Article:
This shiur is based on a shiur that I gave in the Midrasha on Hoshana Rabba this year and is in anticipation of the change to saying “vten tal umatar levracha” this coming week (Motzei Shabbat) in Israel.
How many seasons are there? What I mean by the question is: in terms of the Tanach, Chazal and Halacha how many seasons do we recognize?
As I mentioned before, this week on the 7th of Cheshvan we will start saying vten tal umatar levracha in Israel. This addition to the teffila signals the onset of winter. (Actually the winter or rainy season began on Shmini Atzert when we began saying mashiv haruach umorid hageshem. We have refrained from actually requesting rain for a period of fifteen days in order to allow the last of the Jews who (still) reside in the Golah to reach their homes after having been in Yerushalayim for Sukkot. In terms of our teffila it would seem that the year can be divided into two seasons: “sunny days” and “rainy days”.
In fact the two season division is very logical for the climate in Eretz Yisrael. We experience very little of the classic signs of Autumn and Spring as can be seen in more extreme climates. (My children every year return from Gan (pre-school)and tell me about the changing leaves and the fall, but they really have no concept of what it means to rake a pile of leaves on a Sunday afternoon that is taller than they are). In addition the description of the seasons as “sunny” or “rainy” is equally distinct to the region in which we live. As opposed to those of you who are reading this in England, where it rains at least 365 days a year, here in Israel rain in the summer is extremely rare.
Not only in terms of halacha does there seem to be only two seasons but when we take a look at many places in Tanach we seem to see the same phenomenon. As an example see Tehillim 74:17 “You have established the bounds of the Earth, you have created summer and winter”. This is not simply a contrast, leaving room for the intermediate seasons, but rather it is meant as an all encompassing description of the year. The Talmud Yerushalmi in Yevamot explains the passuk “yom nashak” (Lit. “the day of kissing”) to refer to the “day the summer kisses the winter”. It is clear that the Yerushalmi denies the seasons in between.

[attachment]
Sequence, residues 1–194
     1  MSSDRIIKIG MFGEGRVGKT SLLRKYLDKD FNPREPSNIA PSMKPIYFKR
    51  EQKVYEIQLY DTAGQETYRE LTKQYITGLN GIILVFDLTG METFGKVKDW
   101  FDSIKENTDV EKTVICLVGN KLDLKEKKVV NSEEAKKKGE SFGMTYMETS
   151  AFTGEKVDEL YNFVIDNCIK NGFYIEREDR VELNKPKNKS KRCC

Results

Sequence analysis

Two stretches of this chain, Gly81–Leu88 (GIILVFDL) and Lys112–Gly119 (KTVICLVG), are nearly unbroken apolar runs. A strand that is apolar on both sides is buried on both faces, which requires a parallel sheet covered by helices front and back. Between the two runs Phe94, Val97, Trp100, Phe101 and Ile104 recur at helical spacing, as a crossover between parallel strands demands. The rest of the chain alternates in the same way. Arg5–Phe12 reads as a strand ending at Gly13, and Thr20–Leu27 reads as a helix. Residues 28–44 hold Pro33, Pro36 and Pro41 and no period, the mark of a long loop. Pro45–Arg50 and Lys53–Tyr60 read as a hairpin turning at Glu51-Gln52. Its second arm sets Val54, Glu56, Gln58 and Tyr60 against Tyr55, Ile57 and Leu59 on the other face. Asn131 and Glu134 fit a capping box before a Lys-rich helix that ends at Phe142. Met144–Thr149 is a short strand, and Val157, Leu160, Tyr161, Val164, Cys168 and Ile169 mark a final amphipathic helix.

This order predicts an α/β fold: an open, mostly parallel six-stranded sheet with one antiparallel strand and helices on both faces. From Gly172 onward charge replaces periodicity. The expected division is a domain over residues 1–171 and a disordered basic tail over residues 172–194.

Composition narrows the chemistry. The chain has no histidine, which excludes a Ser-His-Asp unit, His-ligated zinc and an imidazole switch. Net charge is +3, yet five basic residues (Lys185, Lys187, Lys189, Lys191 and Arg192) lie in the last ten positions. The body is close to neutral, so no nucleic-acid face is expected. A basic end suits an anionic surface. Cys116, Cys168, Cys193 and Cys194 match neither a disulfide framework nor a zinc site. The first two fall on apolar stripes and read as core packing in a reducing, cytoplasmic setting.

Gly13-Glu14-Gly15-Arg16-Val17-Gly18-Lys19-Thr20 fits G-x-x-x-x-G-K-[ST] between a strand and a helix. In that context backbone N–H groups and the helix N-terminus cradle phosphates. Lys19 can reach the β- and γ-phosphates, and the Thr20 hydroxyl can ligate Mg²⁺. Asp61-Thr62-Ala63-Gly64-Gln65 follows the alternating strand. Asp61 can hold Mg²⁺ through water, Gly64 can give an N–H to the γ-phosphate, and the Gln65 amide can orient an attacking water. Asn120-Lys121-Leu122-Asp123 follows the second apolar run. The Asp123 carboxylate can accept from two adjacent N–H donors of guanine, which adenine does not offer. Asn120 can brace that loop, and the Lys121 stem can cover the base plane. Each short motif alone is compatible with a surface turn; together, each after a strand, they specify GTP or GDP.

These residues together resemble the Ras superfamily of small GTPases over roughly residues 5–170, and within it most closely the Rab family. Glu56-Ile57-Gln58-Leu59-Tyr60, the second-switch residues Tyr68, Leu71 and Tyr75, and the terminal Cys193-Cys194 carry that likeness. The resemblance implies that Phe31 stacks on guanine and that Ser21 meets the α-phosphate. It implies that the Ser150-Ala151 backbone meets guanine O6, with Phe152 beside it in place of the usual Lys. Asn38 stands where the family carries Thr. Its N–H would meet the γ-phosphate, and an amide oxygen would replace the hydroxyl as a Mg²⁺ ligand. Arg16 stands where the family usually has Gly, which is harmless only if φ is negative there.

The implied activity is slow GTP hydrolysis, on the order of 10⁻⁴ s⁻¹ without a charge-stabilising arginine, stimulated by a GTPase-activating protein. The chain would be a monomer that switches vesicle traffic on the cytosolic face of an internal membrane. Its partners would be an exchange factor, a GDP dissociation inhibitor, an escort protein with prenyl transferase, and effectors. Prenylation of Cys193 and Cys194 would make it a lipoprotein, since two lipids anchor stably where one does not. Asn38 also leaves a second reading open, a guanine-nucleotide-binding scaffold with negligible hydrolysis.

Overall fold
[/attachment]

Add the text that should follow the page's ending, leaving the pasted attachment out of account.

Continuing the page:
The obvious objection to a two season division is the reference to Pesach as “Chag Ha’aviv” which we translate as the Holiday of the Spring. However if we investigate a bit further we find the word aviv does not mean spring. The Torah describes the plague of hail in the end of Vayera by saying that the barley was smitten because it (the barley) was “aviv”. As well the Torah describes the Korban Haomer brought on the second day of Pesach to be “aviv” roasted in fire. Once again the translation of aviv cannot be spring.
The term aviv refers to a ripened stage of grain and this is the primary definition that is used in the two pesukim quoted above. When the Torah refers to Pesach as Chag Haaviv the idea is the holiday that takes place at the time of year that the grain ripens.
The question of how many seasons also creates an interesting debate as to how to interpret a passuk in this week’s parsha. After the flood, Noach brings sacrifices to Hashem and He promises never to destroy the world again. We read (Breishit 8:22) “For the remainder of time, Planting and Harvesting, Cold and Hot, Summer and Winter, Day and Night will never cease”. The terms day and night are clear but the rest pose a challenge. Rashi quotes a gemara in BM that sees each of the six terms in the passuk to describe an individual season.